French President Francois Hollande, left, and French Foreign Affairs Minister Laurent Fabius wait for the Saudi Defense Minister at the Elysee Palace in Paris, June 24, 2015.
Alain Jocard—AFP/Getty Images
By Simon Shuster / Berlin
June 24, 2015

Officially, France was outraged. The nation woke up on Wednesday to the news that the U.S. had been spying on three consecutive French Presidents, including the current one, Francois Hollande, who spent the day fuming in response. He called an emergency meeting of his defense council to discuss the apparent breach. His foreign ministry called in the U.S. ambassador for an official explanation. And Hollande himself referred to the violation of trust between allies as “unacceptable.”

Incidentally, this was the same word that his German counterpart, Angela Merkel, used upon learning in 2013 how the U.S. had been tapping her cell phone. That time the revelation came from the whistleblower Edward Snowden, a former contractor for the U.S. National Security Agency. Wednesday’s leak was sourced in the French media to Snowden’s allies at Wikileaks. But the reaction from the targets of the snooping was so similar that it almost seemed like a rerun, and judging by the way the Merkel phone-tapping drama has played out since it broke two years ago, the French outrage may soon fizzle into complacency as well.

The reason is that, in the modern world, every country seems to spy to the extent of its ability. As the German public learned this spring, their country’s intelligence service, the BND, had for years been helping its American counterpart, the NSA, spy on targets across Europe, including major corporations like Airbus and–you guessed it–the French presidency. That bombshell, which was first published in the German weekly Der Spiegel, made it much harder for Chancellor Merkel to play the innocent victim of nefarious U.S. surveillance.

It also made it difficult on Wednesday for the French government to act completely flabbergasted. Although Prime Minister Manuel Valls insisted that “the emotion and the anger” in France on Wednesday were “legitimate,” he admitted in the same breath that the revelations may not “constitute a real surprise for anyone.”

His government’s spokesman, Stephane Le Foll, even let slip a telling bit of humor when asked how France might retaliate against the U.S. for spying on French Presidents. “We sent the Hermione,” Le Foll told reporters, referring to the replica of an old naval frigate that France sent as a gift to the U.S. in March, loaded with barrels of Hennessy cognac. That ship was meant to be a symbol of how deep the ties run between these two nations–the original Hermione brought the French General Lafayette to help the Americans win their independence from the British in 1780–and Le Foll’s remark hinted that those ties wouldn’t be forgotten amid the latest spying scandal.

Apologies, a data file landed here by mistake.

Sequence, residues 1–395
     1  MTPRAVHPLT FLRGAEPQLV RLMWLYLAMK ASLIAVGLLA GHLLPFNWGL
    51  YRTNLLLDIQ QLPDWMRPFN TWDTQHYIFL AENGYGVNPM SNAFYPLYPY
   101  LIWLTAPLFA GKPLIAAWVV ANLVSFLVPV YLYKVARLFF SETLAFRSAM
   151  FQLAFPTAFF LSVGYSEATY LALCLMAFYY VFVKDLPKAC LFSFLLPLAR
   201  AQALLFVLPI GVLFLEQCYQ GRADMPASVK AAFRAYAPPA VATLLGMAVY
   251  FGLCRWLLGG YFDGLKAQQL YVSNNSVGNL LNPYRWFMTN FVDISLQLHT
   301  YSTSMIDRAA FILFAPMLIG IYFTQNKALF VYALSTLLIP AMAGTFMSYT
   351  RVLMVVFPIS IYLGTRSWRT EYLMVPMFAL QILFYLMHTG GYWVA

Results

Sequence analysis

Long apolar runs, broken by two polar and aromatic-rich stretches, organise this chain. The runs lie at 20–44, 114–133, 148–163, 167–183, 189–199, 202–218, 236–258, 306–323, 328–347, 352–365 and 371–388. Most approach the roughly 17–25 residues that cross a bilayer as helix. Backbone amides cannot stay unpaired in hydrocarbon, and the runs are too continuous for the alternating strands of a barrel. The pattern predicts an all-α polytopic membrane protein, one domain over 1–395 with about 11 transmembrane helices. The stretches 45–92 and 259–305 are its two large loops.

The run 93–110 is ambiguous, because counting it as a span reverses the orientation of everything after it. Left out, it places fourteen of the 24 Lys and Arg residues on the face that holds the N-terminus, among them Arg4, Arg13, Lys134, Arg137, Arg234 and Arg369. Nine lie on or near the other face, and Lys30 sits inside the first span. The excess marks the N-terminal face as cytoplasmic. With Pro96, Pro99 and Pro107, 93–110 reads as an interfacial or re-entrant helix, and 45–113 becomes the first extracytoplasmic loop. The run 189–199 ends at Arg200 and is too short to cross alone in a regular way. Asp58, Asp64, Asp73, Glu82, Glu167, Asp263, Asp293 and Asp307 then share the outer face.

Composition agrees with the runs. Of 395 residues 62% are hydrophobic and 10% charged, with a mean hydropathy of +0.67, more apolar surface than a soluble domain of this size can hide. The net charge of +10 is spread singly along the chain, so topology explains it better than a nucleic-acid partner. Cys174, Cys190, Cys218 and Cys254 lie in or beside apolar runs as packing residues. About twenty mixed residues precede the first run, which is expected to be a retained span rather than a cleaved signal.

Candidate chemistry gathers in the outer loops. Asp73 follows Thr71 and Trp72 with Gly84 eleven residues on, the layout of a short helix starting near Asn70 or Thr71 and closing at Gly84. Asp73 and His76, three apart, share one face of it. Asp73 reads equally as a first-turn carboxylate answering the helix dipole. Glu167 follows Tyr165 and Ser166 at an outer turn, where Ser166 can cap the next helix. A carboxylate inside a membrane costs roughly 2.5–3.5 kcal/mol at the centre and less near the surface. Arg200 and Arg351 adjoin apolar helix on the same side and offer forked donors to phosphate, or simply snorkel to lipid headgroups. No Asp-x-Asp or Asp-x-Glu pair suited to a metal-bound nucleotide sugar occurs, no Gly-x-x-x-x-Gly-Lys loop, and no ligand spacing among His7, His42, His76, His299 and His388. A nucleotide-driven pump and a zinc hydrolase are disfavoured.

As Germany’s experience suggests, no real rupture in relations comes out of these scandals, at least in part because the Europeans rely on the U.S. not only for trade but security and the sharing of intelligence. That doesn’t mean the Germans simply let the matter drop. German media have reported that the the BND has curtailed cooperation with its American peers and the German parliament is still investigating Snowden’s leaked evidence that the U.S. had illegally monitored the communications of millions of German citizens. But Berlin’s probe into the tapping of Merkel’s phone has quietly been put aside. On June 12, the German prosecutor’s office announced in a statement that it was dropping the investigation due to lack of evidence: “The accusation cannot be proven in a legally sound way under criminal law.”

The U.S. had refused to provide the Germans with anything more than “vague statements” about tapping Merkel’s phone. More precisely, the U.S. said at the time that it is not monitoring and will not monitor the communications of the Chancellor,” pointedly avoiding any reference to what it had or had not done in the past. Adding to the sense of déjà vu, practically the same statement came on Wednesday from a spokesman for the U.S. National Security Council in response to the firestorm in France: the U.S. is “not targeting and will not target the communications of President Hollande,” said the spokesman, Ned Price.

Perhaps that could be taken as a promise that, having been busted spying on its allies, the U.S. would now cut it out, at least when it comes to the heads of state of Germany and France. As for the other leaders of the free world, they may have to wait for the next leak before receiving any such assurances themselves.

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